It began with the passage of the Official Language Act No. 33 of 1956, commonly known as the ‘Sinhala Only Act’, by populist prime minister Solomon Bandaranaike. The legislation replaced English as the fledgling nation’s official language with Sinhala, the tongue of Ceylon’s majority ethnic group. Prior to this, English enjoyed an official status as the language of business, public administration, and lingua franca among the island’s various ethnic groups. The adoption of Sinhala as the only official language was and still is widely regarded as an act to alienate minority Tamils, Moors, and Burgers, to whom Sinhala was foreign. This stoked ethnic tensions, resulting in a prolonged series of violent riots that culminated in the multi-generational civil war that wrecked not only the nation’s economy but also the previously harmonious relationship between Ceylon’s ethnically diverse population.

Solomon Bandaranaike was assassinated in 1959 and succeeded as prime minister by his widow, Sirimavo. In a move to consolidate her political position, she abolished Ceylon’s upper house in 1971 and with it the Westminster system’s mechanism for checks and balances in politics. The next year, she declared Sri Lanka a parliamentary republic. In 1978, her political opponent Junius Jayawardene instigated yet another constitutional change, turning Sri Lanka into a presidential republic—with himself as the first executive president.

In less than a decade, Sri Lanka entirely disposed of the Westminster system of responsible government that limited the extent of political powers as well as the monarchy, which had served as a non-political institution unifying the entire nation. Political dynasties had always featured in Ceylonese politics; but the dismantling of the Westminster system worsened division, exacerbated transactional politics, and diminished socio-political inclusivity. The political narrative around the concentration of power revolved around the need to suppress riots and insurrections. Some were instigated by ethnic tensions between the Tamils and Sinhalese; the rest were the result of economic hardship brought on by a socialist-inspired command-and-control method of economic management.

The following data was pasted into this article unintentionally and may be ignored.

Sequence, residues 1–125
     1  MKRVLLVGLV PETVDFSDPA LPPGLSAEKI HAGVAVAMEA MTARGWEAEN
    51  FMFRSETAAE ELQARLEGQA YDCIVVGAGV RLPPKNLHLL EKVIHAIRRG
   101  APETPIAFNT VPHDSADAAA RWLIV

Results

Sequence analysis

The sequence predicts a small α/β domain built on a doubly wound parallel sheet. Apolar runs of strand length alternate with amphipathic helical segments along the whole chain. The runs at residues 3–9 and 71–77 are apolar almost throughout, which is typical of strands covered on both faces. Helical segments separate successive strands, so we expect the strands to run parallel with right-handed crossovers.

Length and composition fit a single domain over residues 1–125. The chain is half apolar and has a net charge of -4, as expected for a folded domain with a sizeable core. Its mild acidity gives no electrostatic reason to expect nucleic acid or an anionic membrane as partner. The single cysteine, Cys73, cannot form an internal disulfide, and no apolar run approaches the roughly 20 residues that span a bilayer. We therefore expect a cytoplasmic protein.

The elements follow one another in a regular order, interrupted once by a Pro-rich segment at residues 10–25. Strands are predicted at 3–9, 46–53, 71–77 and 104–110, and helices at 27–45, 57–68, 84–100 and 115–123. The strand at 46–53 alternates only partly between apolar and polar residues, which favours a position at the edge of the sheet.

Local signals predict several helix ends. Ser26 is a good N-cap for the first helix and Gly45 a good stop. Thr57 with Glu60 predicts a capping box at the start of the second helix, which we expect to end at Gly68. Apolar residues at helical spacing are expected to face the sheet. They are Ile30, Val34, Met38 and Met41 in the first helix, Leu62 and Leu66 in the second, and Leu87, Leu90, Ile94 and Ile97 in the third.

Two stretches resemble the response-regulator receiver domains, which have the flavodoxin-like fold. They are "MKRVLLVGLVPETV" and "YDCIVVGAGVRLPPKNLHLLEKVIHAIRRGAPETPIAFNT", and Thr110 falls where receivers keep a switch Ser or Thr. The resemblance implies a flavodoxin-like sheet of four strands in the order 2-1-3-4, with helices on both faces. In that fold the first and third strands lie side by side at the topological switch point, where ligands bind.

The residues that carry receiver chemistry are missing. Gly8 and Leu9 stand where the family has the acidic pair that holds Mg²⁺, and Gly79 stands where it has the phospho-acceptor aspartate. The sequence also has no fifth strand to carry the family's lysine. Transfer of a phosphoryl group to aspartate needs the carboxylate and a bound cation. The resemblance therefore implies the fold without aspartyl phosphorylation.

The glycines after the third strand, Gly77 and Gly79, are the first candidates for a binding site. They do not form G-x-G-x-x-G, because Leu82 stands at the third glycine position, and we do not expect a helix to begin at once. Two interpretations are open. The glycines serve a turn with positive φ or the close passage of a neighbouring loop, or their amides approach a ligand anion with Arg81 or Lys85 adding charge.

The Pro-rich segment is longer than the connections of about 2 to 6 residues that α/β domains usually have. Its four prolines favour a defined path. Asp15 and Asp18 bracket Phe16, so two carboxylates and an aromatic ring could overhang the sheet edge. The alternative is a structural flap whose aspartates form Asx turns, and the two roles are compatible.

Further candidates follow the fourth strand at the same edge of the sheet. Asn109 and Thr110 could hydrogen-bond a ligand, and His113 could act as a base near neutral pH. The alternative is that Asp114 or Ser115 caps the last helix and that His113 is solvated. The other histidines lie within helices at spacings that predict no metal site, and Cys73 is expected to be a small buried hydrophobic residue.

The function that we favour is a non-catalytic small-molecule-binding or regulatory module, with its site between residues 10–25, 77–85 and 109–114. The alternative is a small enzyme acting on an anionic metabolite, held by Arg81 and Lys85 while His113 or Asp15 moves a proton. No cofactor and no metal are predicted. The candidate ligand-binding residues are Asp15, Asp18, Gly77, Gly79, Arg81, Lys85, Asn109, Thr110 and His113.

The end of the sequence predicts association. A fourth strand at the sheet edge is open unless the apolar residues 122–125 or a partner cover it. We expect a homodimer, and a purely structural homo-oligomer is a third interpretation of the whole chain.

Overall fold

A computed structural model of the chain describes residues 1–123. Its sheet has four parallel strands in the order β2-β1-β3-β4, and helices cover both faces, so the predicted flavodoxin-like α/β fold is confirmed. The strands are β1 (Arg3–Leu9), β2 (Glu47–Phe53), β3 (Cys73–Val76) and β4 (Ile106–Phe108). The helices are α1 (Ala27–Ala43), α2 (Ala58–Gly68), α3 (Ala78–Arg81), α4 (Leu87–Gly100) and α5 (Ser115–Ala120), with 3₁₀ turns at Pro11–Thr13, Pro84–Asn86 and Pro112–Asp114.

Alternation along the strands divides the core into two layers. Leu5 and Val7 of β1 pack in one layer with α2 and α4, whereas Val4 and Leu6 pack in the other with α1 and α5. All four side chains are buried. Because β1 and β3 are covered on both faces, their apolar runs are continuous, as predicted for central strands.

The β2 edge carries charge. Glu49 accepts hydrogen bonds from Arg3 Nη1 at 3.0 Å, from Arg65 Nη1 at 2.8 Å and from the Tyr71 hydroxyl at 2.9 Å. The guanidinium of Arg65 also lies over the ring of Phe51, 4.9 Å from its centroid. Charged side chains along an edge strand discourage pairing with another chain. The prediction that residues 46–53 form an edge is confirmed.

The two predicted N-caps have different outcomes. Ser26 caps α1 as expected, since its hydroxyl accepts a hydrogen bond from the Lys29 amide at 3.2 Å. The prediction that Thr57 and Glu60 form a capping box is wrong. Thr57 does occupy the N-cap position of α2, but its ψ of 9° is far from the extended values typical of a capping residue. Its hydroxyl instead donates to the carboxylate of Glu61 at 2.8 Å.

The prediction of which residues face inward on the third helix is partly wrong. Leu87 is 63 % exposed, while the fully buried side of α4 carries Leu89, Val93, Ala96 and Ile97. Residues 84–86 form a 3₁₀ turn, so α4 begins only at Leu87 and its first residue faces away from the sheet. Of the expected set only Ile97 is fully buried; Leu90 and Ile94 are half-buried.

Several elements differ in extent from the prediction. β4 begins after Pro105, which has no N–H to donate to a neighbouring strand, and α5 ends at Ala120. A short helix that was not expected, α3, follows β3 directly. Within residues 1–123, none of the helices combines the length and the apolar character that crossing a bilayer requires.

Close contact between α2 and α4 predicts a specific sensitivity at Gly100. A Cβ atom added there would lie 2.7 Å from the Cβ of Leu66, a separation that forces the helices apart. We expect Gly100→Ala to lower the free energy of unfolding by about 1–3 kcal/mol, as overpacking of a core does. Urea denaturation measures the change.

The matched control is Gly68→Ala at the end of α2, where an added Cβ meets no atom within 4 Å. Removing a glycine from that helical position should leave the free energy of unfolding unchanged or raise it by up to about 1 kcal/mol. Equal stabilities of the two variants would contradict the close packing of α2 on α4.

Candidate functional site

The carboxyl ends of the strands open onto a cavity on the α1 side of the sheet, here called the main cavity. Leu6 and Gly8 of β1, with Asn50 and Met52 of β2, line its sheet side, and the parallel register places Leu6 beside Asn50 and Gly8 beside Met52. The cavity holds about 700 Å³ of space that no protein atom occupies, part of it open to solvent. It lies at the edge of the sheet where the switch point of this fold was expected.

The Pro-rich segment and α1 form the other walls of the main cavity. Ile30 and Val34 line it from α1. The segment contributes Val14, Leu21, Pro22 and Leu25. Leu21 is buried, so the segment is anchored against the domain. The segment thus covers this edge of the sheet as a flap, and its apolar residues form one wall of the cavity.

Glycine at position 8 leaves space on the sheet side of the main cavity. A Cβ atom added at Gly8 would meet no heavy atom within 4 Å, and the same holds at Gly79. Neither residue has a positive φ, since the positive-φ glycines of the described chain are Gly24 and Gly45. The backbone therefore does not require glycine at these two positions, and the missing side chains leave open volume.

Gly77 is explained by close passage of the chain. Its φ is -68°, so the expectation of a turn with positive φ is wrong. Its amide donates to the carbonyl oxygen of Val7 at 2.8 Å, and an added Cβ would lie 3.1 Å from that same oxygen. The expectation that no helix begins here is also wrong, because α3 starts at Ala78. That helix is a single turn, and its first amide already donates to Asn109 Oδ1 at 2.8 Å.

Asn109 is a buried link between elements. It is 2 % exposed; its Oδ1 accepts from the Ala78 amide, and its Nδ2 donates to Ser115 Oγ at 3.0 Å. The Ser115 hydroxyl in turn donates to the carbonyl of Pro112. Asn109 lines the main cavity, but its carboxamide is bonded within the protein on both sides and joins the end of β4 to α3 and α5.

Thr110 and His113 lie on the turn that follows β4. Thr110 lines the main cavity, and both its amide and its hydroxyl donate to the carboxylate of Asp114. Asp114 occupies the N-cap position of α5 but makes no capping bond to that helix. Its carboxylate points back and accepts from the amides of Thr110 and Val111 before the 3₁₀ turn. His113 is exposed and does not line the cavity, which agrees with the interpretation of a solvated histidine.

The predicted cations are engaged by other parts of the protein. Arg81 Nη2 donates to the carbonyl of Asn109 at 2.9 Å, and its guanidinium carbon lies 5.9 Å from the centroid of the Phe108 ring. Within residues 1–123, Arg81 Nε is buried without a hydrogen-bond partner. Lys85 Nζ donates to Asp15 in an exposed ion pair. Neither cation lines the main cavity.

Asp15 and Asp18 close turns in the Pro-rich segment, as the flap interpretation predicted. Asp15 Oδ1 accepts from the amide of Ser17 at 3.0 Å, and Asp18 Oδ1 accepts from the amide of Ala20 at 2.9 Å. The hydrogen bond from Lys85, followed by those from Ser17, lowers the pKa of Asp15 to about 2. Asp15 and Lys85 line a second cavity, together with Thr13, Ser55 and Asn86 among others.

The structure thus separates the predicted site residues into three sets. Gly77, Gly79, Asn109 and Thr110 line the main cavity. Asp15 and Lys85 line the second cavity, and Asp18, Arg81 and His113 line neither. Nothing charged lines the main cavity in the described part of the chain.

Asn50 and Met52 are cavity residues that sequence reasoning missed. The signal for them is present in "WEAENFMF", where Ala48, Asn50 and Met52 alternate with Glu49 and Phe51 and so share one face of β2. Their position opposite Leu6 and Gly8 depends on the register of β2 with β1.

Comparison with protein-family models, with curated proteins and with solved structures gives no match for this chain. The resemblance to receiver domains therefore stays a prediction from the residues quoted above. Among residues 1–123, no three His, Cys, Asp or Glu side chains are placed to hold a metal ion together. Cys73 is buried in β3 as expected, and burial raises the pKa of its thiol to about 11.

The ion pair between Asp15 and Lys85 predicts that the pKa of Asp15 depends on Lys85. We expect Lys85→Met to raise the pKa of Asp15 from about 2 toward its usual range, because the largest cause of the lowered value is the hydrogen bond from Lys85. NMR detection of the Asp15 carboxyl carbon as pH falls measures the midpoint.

The devastation inflicted on Sri Lanka must not be repeated here.

The nationalisation of privately-held assets, import-substitution-led attempts at industrialisation, unsustainably generous welfare programs, and the restrictive control over the Sri Lankan Rupee and the financial sector—among other heavy-handed government measures—created a hostile environment for private investment, innovation, and entrepreneurship. Growth in real GDP throughout the years leading to the 1983 civil war was approximately 1.7 per cent per annum, and the civil war brought even further devastation to the island.

Throughout Sri Lanka’s history, there have been several attempts at market liberalisation and deregulation. But none managed to bear fruit since business confidence was continually devastated by post-election policy reversals, repeated re-introductions of centralised planning and asset nationalisation, civil unrests, and the outbreak of the civil war. Consequently, human capital development lagged behind many other post-colonial societies in Asia, which had the effect of tying the Sri Lankan economy tightly to its primary industry, stymying productivity growth, and rendering it vulnerable to natural and man-made disasters such as the 2004 Indian Ocean tsunami and, subsequently, the food crisis perpetrated by the government’s environmental, social, and governance commitment to organic farming. Gotabaya Rajapaksa’s chemical fertiliser ban—which devastated the nation’s agricultural industry and contributed to the draining of its foreign reserves and economic collapse—was the end result of the concentration of power in the hands of the executive, and generations of poor public policy choices. In turn, they were the direct result of the dismantling of British-inherited institutions and subsequent socialist economic management.